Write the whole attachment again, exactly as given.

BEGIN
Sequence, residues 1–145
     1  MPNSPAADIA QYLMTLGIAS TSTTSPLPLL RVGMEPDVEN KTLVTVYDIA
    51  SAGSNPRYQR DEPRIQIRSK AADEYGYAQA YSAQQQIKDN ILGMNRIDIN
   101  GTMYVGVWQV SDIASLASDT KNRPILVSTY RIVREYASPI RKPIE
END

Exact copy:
Sequence, residues 1–145
     1  MPNSPAADIA QYLMTLGIAS TSTTSPLPLL RVGMEPDVEN KTLVTVYDIA
    51  SAGSNPRYQR DEPRIQIRSK AADEYGYAQA YSAQQQIKDN ILGMNRIDIN
   101  GTMYVGVWQV SDIASLASDT KNRPILVSTY RIVREYASPI RKPIE